A local gay hair stylist has filed a discrimination suit against his former employer, alleging he was penalized and eventually terminated for not conforming to male stereotypes.
Daniel Brant, 25, filed a suit in U.S. District Court July 30 against Chop Shop, which operates three local salons, claiming employment discrimination under Title VII of the Civil Rights Act, which offers protection based on gender.
Although Brant is openly gay, he said his employment problems did not stem from his sexuality, but rather from his appearance.
Brant, who graduated from Jean Madeline Aveda Institute, began working full-time as a stylist at Chop Shop’s Temple University location in February 2008.
Brant told PGN he was very satisfied with the company in his first few months of employment, but the more successful he became, he noticed a “gradual coldness” directed toward him from some employees and his supervisor.
In May, Brant said he approached his supervisor, identified as just “Monica” in the suit, to inquire about the change in atmosphere at the salon and was told he was “too flamboyant.” Brant said his supervisor then told him that he would not be permitted to wear shorts or shoes with a heel to work, which he often did.
The suit states that “similarly situated female Stylists were not similarly made to abide by said dress code, evidencing Defendant’s animus against Brant’s failure to conform to mail stereotypes.”
Brant noted that he is not transgender but that, since he was a teenager, he’s grown accustomed to dressing mostly in women’s clothing and often wearing mascara and blush.
“My intention is not to be perceived as a woman. I’m a very petite guy, with very soft feminine features, and I like to wear clothing that fits my body and my shape,” he said. “I will wear women’s Gap T-shirts or Express women’s dress pants and shoes with a wedge because that’s what I feel most comfortable in. That’s my everyday style and wardrobe since I was 16.”
The complaint states that Brant’s supervisor stopped sending him male clients, whom he said accounted for nearly 90 percent of his customers, and he was later informed that he was being transferred to Chop Shop’s South Street branch, where he would work just one day a week. According to the suit, Monica told him the clientele at this location was “more open-minded” and he’d “do better” working at that store.
The store scheduled Brant to work only on Sundays, which he said is the slowest and shortest day of the week.
While working full-time at the Temple shop, Brant said he made about $600 a week, as well as $30-$50 in tips per day. At the new location, he said he received between $30-$50 per week and an additional $15-$20 in tips.
Brant said he wore women’s shorts and shoes with a heel to work one day in July and his supervisor at the South Street store, identified in the suit as “Sue,” sent him home, citing instructions from the store’s owner, Kathy Thomas.
“It was really upsetting to me because I was missing another whole day of work, and I was just so embarrassed that they sent me home because of what I was wearing and what I look like,” he said.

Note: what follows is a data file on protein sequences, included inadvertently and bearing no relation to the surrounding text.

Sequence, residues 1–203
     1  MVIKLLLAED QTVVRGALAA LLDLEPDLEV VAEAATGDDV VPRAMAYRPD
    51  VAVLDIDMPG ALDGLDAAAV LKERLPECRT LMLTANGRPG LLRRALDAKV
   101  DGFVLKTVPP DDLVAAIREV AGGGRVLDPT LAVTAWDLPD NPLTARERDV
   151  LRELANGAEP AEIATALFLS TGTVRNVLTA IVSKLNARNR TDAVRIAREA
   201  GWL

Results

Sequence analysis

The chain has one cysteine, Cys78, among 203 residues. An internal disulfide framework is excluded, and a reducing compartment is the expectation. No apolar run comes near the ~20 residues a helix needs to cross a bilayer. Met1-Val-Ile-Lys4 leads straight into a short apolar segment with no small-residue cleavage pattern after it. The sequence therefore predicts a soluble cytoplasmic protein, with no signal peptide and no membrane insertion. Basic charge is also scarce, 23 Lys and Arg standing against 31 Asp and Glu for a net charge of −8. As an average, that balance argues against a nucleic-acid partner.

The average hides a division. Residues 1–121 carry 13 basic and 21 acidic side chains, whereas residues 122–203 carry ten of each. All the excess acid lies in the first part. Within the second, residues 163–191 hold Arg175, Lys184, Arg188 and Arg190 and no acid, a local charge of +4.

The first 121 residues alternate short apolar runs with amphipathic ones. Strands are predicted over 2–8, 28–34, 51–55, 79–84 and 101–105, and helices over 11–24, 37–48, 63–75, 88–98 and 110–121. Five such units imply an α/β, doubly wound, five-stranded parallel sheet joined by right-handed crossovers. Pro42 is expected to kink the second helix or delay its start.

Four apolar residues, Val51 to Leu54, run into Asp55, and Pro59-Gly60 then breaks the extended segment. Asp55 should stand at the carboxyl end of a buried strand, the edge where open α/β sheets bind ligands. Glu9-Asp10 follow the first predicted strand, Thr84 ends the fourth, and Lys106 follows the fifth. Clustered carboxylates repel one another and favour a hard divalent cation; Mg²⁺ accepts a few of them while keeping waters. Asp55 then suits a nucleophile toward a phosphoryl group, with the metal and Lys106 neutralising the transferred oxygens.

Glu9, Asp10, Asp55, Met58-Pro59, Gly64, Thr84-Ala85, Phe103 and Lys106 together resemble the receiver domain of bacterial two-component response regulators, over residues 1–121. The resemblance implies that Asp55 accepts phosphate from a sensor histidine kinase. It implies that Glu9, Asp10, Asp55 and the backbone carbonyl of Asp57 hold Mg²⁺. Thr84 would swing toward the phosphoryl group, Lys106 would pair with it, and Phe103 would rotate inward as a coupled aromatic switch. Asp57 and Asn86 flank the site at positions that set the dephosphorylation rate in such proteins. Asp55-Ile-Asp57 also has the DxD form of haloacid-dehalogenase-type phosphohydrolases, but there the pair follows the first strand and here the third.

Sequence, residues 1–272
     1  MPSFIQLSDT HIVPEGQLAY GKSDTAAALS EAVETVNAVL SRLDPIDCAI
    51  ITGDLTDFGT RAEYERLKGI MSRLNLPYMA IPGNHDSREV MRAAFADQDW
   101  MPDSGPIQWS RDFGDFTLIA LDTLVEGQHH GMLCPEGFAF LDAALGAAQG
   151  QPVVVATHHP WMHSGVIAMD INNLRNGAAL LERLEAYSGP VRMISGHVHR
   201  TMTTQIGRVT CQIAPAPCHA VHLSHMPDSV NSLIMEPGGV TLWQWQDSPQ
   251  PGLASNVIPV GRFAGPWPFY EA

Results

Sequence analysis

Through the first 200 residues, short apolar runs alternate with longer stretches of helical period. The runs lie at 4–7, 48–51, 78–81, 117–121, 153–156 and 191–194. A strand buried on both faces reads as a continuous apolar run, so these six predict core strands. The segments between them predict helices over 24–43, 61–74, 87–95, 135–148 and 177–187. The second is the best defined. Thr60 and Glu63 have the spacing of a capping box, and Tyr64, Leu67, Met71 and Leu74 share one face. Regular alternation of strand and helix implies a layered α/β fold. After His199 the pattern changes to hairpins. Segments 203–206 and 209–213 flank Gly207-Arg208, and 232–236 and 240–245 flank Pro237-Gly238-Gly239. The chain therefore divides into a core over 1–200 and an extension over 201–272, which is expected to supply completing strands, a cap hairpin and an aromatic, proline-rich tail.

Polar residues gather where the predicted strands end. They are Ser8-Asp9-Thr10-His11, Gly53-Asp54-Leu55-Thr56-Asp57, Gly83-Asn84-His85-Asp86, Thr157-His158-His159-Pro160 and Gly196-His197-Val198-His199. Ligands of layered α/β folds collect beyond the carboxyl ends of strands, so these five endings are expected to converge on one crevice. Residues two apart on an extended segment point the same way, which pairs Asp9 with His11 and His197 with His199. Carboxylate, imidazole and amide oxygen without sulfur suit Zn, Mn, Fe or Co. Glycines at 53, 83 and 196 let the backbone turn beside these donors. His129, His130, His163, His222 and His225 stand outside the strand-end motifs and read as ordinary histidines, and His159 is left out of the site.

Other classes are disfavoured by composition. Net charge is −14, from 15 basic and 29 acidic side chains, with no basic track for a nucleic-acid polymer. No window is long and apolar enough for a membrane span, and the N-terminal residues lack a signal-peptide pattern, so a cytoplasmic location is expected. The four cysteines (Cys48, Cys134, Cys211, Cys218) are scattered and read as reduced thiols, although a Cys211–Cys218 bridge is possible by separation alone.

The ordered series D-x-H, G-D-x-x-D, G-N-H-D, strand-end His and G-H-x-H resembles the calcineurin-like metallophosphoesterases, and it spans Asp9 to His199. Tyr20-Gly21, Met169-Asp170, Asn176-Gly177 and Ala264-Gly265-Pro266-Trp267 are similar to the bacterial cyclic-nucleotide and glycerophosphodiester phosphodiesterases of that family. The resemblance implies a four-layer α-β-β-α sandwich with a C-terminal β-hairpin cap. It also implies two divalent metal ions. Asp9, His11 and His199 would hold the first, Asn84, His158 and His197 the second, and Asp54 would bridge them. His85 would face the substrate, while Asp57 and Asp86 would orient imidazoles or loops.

Before returning to work the following week, Brant said he called Thomas and requested further clarification of the dress code.
The complaint states that Thomas told him she did not “want [him] to ruin [her] business” and that “it is okay for a girl to look like a dyke, but it is not socially acceptable for [Brant] to look like a girl.”
Brant said he told Thomas he felt he was being discriminated against and was considering filing a complaint.
Thomas terminated Brant on Aug. 3, 2008, after he referred a Chop Shop client to another salon at which he was also employed.
“A client came in and asked if we do eyebrow waxing, and I asked and they said no, so I told her, ‘There’s this other place in Old City where I work and they do it and they do a good job,’” he said.
Brant contacted the Philadelphia Commission on Human Relations shortly after his firing. PCHR executive director Rue Landau confirmed that Brant filed a complaint on Aug. 15, 2008.
She said the commission conducted an “exhaustive investigation” and closed the case on March 20, determining the charges were not substantiated.
“We found that the case did not have any merit to it,” Landau said. “But even if we find that, all complainants have a right to sue.”
Salon owner Thomas said she could not comment on the situation, and her attorney did not return calls for comment.
Thomas told the Philadelphia Inquirer last week, however, that she was not opposed to Brant’s dressing in women’s clothing, but only took issue with certain outfits, which she contends did not factor into his termination.
“If he had wanted to wear a dress, that would have been fine. But at one point, he was wearing Daisy Duke shorts. He was basically uncovered,” she said. “I fired him because he was working at another salon and telling his clients to go over there. I did not fire him because he was a cross-dresser.”
Susan Wexler, Brant’s attorney, refuted Thomas’ claim.
“It had to do with the clothing in which he presented himself,” Wexler said. “The owner of the Chop Shop deemed him too effeminate and didn’t approve of the clothing he was wearing, and that was the basis for his termination. It’s a clear gender-stereotyping claim; he could’ve shown up in men’s cargo shorts and polo shirts and that would’ve been fine, but not women’s.”
Since his termination, Brant said he had to quit his other job because he couldn’t afford to travel to work and has since applied for government assistance while he searches for a new position.
Jen Colletta can be reached at firstname.lastname@example.org.